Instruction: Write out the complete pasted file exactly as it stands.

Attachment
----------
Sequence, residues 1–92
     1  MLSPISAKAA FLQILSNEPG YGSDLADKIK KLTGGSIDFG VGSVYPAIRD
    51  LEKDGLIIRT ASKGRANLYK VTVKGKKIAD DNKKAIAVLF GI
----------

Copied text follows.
Sequence, residues 1–92
     1  MLSPISAKAA FLQILSNEPG YGSDLADKIK KLTGGSIDFG VGSVYPAIRD
    51  LEKDGLIIRT ASKGRANLYK VTVKGKKIAD DNKKAIAVLF GI